The World-Famous Tower Site Calendar 2007

May 25, 2007

Connecticut's WDZK 1550 and WKND 1480

We're recovering from a double whammy this week - the 15-episode Tower Site of the Week marathon that was "Big Trip 2006," and the just-concluded nine-day adventure across Illinois, Iowa and Nebraska we're calling "Medium Trip 2007," which you'll see featured in some detail here on Site of the Week in months to come.

So this week and next, we're offering a couple of shorter Site of the Week installments drawn from our journey to the Connecticut Broadcasters Association convention last October in Hartford, at which we presented our "Tower Sites I've Known and Photographed" slide show. (We'll come to your broadcasters' convention or SBE meeting, too - just drop us a line...)

This week's transmitters are found along that stretch of I-91 that extends north of Hartford to the Massachusetts state line, and our first stop is at a station whose signal covers only that area, with no appreciable coverage in Hartford or in Springfield, Mass. to the north. WKND (1480 Windsor) was dropped in here quite late in the game, signing on in 1961 (as WSOR) from the same three-tower array off Bloomfield Avenue it still calls home today.

Even with its meager signal (500 watts directional, daytime only), 1480 found success in the late sixties when it changed calls to WKND and took on the area's first urban format, which it continued to use for more than a quarter-century. For most of that time, its studios were in a shopping strip in Windsor, though for a time the news department actually operated from the tiny transmitter building.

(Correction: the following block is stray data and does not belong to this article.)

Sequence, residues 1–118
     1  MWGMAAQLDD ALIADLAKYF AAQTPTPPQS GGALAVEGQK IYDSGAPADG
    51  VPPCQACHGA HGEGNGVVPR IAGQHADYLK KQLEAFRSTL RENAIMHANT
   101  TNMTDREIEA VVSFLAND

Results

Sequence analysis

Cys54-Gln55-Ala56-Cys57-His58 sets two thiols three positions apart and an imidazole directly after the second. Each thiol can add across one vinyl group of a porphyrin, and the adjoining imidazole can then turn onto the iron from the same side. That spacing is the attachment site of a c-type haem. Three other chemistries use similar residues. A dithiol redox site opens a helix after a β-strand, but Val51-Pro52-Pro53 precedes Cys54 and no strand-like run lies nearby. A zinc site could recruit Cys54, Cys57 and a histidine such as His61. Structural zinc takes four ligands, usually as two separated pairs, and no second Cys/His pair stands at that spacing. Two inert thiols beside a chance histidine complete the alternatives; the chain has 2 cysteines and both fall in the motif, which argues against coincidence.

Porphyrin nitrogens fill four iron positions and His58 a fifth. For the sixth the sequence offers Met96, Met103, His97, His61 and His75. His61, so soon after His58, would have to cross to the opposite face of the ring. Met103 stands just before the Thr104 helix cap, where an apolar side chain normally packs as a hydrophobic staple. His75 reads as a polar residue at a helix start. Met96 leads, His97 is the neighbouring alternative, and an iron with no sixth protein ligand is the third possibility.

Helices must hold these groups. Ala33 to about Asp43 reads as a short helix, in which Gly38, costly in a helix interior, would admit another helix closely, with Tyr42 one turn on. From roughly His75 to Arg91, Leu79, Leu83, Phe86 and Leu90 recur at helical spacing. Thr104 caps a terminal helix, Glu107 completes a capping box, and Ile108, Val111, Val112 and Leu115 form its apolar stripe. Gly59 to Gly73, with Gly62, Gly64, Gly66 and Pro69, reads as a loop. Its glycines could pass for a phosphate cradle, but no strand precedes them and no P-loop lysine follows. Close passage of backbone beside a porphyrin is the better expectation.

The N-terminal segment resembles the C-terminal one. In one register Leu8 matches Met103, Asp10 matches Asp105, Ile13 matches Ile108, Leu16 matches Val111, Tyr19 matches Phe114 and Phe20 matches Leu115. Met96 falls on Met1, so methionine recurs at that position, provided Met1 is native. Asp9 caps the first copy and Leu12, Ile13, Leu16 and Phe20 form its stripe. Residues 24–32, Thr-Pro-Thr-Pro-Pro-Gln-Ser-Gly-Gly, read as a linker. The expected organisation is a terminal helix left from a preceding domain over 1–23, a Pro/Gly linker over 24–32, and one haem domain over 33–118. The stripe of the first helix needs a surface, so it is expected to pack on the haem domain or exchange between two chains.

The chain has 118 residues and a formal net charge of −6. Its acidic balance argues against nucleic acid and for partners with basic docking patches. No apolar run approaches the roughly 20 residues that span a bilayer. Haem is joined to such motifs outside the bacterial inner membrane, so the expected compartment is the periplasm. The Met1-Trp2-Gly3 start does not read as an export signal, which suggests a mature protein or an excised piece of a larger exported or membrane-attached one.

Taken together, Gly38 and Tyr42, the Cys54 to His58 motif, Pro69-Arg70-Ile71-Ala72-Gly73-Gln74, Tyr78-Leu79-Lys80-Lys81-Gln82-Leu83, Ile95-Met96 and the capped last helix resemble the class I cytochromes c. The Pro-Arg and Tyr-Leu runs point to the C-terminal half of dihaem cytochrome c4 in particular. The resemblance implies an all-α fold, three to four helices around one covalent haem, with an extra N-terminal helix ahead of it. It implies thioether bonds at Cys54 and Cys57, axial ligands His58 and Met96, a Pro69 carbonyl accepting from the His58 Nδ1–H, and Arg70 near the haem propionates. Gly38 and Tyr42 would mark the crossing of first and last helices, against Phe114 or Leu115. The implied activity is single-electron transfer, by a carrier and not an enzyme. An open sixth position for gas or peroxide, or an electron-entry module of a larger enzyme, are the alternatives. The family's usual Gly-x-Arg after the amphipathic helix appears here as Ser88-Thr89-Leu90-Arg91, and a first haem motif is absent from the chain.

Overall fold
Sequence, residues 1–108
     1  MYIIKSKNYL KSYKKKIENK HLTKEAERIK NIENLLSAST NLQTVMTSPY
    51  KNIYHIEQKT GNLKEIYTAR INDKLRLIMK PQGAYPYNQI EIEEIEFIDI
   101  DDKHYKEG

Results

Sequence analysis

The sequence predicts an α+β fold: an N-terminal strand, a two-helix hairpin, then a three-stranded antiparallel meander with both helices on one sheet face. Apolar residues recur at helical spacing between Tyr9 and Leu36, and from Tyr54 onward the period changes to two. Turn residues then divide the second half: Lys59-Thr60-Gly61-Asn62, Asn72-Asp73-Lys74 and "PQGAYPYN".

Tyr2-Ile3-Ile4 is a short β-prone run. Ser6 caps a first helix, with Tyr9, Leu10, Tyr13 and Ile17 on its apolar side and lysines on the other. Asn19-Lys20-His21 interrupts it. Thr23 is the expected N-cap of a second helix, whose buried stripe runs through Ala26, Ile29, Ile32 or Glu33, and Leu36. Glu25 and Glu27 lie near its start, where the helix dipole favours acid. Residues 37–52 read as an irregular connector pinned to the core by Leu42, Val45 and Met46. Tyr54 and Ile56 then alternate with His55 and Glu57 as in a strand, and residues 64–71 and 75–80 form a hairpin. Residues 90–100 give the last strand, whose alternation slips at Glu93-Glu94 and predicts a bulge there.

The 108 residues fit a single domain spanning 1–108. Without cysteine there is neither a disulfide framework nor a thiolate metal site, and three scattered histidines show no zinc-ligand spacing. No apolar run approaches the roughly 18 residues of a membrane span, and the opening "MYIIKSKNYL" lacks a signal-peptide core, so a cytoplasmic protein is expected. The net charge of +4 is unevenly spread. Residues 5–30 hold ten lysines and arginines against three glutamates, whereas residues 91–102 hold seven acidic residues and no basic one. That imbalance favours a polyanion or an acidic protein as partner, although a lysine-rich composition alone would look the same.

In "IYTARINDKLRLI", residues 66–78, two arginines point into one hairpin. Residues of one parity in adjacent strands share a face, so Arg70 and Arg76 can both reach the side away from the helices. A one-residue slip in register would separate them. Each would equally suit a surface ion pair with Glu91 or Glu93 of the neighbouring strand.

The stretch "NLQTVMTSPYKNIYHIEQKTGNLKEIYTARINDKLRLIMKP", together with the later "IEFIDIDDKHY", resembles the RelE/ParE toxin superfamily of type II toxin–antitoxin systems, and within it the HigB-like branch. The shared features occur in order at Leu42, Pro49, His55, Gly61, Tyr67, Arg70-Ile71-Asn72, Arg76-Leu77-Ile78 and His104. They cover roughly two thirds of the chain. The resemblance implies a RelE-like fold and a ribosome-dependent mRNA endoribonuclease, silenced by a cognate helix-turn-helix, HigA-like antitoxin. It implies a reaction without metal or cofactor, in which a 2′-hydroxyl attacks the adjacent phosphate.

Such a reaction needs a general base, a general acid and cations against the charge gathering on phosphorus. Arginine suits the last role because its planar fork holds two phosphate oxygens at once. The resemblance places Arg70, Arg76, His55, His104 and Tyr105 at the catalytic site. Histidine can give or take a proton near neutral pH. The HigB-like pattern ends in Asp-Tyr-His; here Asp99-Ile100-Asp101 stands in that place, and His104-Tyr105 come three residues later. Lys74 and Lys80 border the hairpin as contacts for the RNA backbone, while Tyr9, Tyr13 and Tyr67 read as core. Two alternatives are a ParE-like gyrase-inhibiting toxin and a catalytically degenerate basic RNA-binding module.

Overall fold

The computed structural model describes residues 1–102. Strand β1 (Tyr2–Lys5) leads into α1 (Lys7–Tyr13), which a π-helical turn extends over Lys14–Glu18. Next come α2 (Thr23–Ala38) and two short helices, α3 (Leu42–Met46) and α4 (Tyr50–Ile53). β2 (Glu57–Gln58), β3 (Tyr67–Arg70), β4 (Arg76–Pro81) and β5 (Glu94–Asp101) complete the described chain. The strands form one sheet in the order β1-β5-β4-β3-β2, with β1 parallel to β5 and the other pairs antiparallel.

A visit to the building today finds an old CCA transmitter that serves as the aux, with a Harris MW-1 as the main, and a site that's much cleaner now than it was when we last drove past a decade or so earlier and found the towers sitting unfenced and the whole area looking all but abandoned.

(And one more note before we move on - when we were there in October, 1480 had been WNEZ for a few years, having swapped calls with 1230 in Manchester; it's since swapped back to the WKND calls, and returned to an urban format from Spanish.)

Our next stop on this rapidly-clearing afternoon is just a couple of miles to the west, behind a farmhouse south of Blue Hills Avenue. What's now WDZK (1550 Bloomfield) began life as an even later addition to the dial than WSOR/WKND, but has had far better luck at upgrading its signal over the years.

WEXT signed on at 1550 from West Hartford in 1964 as a 1000-watt daytimer playing country, and was later known as WMLB and WGAB (for a talk format) before leaving West Hartford in 1986 and moving to its current 5000-watt day/2400-watt night facility. Over the next two decades, 1550 did religion (as WLVX) and Italian (as WRDM) before becoming a Radio Disney affiliate, and eventually an owned-and-operated station, under its present WDZK calls.

Our host this day, John Ramsey, had the opportunity to design the building and site to his specifications, and it's a nice facility indeed, with a Kintronics phasor, a Continental aux transmitter and a Harris Gates Five as the main. The four towers in line directly behind the transmitter building are the night array; by day, WDZK uses three towers - the one right behind the transmitter building (common to both arrays) and two more that stretch off into the distance to the right-center of the photo above.

When we continue our Connecticut tour next week, we'll show you a much older Hartford signal, Buckley's WDRC (1360). See you in a week!

Thanks to John Ramsey for the tours of WKND and WDZK!

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